In the hands of a less creative storyteller, this subject matter could be as dry as a saltine. But Giroux peppers the film with clever stop-motion animations; clear, entertaining, and understandable explanations of the science; humour; and delicious recipes à la her award-winning PBS series, Kitchen Vignettes.
In part, Modified is a love story, exploring the loving bond between a daughter and her mother; between a woman and her garden; a filmmaker and the food she cooks and the small, sustainable farms that produce it. It’s also about the regrettable loss of biodiversity, communities, small farms, and even small towns.
What Modified does not do, is deliver a balanced opinion of GMOs, even though Giroux explained in an interview, that it’s not really about picking a side, but rather, it’s about the right to know what’s in the food we eat, and that’s fair enough. You’d think that was something we could all agree on, but no. The film shows that there are folks in the business of keeping consumers in the dark. Her multiple, and ultimately, failed attempts to secure an interview with anyone from Health Canada provides a continuous thread of if-it-wasn’t-so-bad-it’d-be-funny comic relief.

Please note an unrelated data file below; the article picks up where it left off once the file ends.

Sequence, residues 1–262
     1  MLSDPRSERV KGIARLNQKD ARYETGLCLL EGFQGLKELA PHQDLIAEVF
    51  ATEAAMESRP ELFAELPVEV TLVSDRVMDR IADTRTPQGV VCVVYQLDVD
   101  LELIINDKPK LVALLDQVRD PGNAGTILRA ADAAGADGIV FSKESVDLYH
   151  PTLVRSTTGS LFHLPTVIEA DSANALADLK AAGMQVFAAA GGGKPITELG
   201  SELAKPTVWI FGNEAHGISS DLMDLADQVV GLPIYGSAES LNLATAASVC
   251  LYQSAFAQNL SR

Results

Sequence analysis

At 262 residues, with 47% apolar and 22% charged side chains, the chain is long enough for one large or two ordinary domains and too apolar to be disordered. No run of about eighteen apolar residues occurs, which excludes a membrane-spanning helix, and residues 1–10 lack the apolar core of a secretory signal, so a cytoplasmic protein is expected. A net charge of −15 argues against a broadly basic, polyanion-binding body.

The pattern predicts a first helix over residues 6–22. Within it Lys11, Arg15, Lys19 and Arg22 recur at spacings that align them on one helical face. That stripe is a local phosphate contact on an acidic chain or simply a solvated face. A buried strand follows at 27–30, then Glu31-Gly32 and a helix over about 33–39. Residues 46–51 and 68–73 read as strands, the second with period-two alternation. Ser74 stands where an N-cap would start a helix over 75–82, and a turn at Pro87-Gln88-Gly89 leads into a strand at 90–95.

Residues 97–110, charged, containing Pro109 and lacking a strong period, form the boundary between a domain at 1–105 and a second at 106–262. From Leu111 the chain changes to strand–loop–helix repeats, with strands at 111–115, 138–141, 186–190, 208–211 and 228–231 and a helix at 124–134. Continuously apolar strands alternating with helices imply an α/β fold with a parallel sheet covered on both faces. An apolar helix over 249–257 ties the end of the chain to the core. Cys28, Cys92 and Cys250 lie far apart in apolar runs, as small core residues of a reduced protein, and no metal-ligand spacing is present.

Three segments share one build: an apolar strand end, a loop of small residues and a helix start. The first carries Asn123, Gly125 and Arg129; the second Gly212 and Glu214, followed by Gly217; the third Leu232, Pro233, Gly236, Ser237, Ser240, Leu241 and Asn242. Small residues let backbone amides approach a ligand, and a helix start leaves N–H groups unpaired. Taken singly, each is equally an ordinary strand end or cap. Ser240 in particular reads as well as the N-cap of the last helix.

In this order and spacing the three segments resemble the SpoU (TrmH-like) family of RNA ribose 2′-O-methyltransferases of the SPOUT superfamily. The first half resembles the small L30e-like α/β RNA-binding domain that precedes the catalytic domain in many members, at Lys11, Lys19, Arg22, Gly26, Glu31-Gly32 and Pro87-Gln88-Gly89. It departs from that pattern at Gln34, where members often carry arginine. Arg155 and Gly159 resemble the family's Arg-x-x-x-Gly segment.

Even when she speaks with perfectly reasonable and intelligent proponents of GMOs – Dr. Larry Erickson, Professor of Plant Agriculture at the University of Guelph, for example – what the viewer comes away with is uncertainty, and that alone should be enough to raise red flags for the average citizen. Is Modified preaching to the choir? Probably. Is it any less of a film for it? No.